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Why Lisaac is broken and why I no longer work on it

Wed 28 Nov 2012, 02:49 PM by Mildred Ki'Lya comp dev en lisaac lysaac

The overlooked problem

Let me explain the reason why I think Lisaac is broken and why I stopped working on it. The fundamental concept behind it is completely broken, and i never could solve the problem. First, let me explain a few things about Lisaac:

It may not seem like it but those two things are mutually exclusive, unless something is done to reconcile the two. Being statically typed means you know the type (or a parent of the real type) at compile-time. Being prototype based means that the type can change completely.

Imagine you have a CUCUMBER that inherit VEGETABLE. If at some point during run-time, the cucumber inherit SOFTWARE (yes, cucumber is the name of a software as well) you have a problem. Yet, this is not the problem I want to talk about.

Lisaac solve this problem because you can only assign a child type as a parent. In the following object:

 Section Header
   + name := CUCUMBER;
 Section Inherit
   + parent :VEGETABLE := ...;

So, you're forbidden to assign a SOFTWARE in the parent slot because SOFTWARE is not a child of VEGETABLE. But, you're allowed to assign a GREEN_VEGETABLE. So not it becomes:

 Section Header
   + name := CUCUMBER;
 Section Inherit
   + parent :VEGETABLE := GREEN_VEGETABLE;

Now, let's say you send a message to your cucumber, and through the magic of inheritance, you end up in a slot of the parent. That is, you are executing code that is located in GREEN_VEGETABLE. Then, you have a problem.

 Section Header
   + name := GREEN_VEGETABLE;
 Section Public
   // inherited from VEGETABLE
   - do_something <- paint_it_green;
 Section Private
   // specific to GREEN_VEGETABLE
   - paint_it_green <- ( "green".println; );

In the code above, if you are executing the do_something slot and have SELF = CUCUMBER, you can't possibly call the paint_it_green slot because it does not exist in CUCUMBER, and the Lisaac compiler will refuse to compile your code. To explain it another way, the type of Self is not compatible with GREEN_VEGETABLE, and this is a problem for this is the code we are executing. You can't easily solve this problem.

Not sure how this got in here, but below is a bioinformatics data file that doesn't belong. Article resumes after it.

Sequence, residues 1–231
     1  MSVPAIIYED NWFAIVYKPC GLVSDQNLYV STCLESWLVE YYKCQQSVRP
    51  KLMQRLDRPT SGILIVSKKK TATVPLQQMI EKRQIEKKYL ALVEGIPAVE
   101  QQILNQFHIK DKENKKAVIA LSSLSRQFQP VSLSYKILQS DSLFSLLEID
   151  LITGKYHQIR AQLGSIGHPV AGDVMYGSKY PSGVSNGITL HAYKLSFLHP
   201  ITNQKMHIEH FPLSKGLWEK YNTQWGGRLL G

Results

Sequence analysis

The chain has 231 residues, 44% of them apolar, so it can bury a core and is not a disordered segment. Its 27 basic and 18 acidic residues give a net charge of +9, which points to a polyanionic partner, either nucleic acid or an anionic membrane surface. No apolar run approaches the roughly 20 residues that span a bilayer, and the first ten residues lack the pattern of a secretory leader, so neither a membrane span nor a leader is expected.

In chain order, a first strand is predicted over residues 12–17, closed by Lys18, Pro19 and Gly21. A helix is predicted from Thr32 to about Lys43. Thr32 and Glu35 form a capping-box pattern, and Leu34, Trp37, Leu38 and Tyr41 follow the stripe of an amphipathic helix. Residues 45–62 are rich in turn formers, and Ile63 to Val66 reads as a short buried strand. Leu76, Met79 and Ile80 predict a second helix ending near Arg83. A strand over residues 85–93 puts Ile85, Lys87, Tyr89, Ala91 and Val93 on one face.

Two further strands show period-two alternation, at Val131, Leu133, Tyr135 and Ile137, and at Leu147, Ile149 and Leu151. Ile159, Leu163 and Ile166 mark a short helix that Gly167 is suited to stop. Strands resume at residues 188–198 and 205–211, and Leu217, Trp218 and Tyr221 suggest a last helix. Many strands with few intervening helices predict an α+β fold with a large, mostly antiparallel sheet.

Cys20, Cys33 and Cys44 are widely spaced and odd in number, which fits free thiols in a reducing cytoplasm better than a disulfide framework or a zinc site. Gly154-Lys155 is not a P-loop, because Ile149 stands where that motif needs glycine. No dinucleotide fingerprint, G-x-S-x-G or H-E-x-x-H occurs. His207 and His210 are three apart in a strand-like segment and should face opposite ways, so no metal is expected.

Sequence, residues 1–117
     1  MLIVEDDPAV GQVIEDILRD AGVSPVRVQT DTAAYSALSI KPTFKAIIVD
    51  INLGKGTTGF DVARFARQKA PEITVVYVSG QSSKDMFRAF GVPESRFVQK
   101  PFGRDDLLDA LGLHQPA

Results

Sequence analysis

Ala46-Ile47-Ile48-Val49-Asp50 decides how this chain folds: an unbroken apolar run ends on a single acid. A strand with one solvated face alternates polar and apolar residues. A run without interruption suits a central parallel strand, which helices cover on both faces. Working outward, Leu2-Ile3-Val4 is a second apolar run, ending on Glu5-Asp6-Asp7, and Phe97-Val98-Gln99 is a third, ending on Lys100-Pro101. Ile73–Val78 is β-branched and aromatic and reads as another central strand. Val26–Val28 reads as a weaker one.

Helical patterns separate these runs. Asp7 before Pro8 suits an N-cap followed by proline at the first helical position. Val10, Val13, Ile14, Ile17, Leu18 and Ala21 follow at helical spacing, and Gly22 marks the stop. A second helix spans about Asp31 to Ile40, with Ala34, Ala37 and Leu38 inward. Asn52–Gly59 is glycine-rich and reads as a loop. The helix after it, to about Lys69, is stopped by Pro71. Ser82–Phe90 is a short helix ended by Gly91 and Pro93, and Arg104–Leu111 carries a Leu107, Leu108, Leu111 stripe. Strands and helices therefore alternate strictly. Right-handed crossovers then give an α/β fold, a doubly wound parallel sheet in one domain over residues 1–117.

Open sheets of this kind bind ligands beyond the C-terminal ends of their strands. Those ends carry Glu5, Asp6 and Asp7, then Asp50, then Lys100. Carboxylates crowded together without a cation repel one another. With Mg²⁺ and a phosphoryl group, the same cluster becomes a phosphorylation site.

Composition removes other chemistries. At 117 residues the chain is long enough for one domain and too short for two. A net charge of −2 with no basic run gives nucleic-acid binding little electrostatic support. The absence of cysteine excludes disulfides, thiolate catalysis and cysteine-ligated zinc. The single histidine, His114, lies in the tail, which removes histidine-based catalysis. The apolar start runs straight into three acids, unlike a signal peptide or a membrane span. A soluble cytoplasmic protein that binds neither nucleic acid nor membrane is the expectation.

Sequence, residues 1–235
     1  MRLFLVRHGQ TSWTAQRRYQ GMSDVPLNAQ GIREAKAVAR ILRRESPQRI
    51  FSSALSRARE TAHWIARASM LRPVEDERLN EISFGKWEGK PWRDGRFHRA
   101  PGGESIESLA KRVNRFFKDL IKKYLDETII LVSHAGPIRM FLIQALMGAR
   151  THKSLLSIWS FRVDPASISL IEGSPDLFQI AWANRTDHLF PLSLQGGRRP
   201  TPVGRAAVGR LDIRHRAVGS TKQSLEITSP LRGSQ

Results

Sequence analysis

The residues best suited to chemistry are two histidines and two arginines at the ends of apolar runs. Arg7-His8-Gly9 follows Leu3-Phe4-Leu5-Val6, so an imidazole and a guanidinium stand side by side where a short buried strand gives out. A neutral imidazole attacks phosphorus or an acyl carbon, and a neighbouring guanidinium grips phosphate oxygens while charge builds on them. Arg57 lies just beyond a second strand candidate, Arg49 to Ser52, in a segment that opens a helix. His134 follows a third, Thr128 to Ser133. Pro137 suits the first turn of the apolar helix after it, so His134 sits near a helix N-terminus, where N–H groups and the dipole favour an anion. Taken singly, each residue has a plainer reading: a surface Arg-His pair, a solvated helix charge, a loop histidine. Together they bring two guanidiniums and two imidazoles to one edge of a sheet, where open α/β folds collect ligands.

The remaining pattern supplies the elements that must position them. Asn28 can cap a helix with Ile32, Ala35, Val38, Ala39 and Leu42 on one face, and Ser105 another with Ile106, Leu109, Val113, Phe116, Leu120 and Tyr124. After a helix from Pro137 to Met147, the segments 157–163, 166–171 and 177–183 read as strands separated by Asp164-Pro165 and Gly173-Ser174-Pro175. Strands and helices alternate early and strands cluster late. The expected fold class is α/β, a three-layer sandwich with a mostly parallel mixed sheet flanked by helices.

In the Self language, if you had a similar situation, it would work because it is not statically typed. It would have failed to find paint_in_green in the cucumber and called the parent, which would have been a green vegetable. Somehow, the type of the cucumber would have changed at runtime, which is incompatible with a type system that can only compute types at compile time (and have them immutable at run time).

So, I stopped working on Lisaac

I tried to start up a new project, Lysaac, but got confronted to the same problem once the compiler was mature enough to start getting into inheritance. So I stopped again. Life getting in the way didn't help.

A new hope

I tried to look into virtual machines, convincing myself that compiled languages couldn't possibly answer such need to dynamic things in the language. I looked at Self for the first time. I tried to build a virtual machine that was fully concurrent. I looked at the Go language because I know that it has nice concurrent primitives ... and I found illumination.

The Go language feels like a dynamic language, but it is compiled. I always wondered how it could implement duck typing, and I found out. I also realized that the difference between a virtual machine with a JIT compiler, and a runtime for a compiled language that included a compiler was very narrow. Basically, nothing prevents any language from being compiled instead of being JIT compiled. You just have to include a compiler in the standard library.

Ironically, that what Common Lisp is doing.

A new language

I like how Go implements interfaces, and I want to do the same. In this new language, an object is composed of :

An interface is a collection of pointers to functions. There is always a pointer for the fallback implementation and a pointer for the case operation (to case an object to a new interface).

I want to use a smalltalk/Io type syntax. So the following will represent an object with one variable and one slot:

 obj := {
   var := obj slot;
   slot <- { ... };
 }

The data word of obj would be a pointer to a struct containing the variable "var" The interface of obj would be:

I haven't figured out yet how to pass parameters to functions and return objects. This kind of things will require to comply to predefined interfaces (we need a way to tell which object type is returned by a slot for example). Interfaces would probably be defined at compile time and available as constants in code at run time (to be given as parameter to the cast slot).

If I want to be able to compile on the fly the code, I need to include the LLVM library. So I need to implement the language in a language that is compiled using LLVM (so bootstraping will be easier).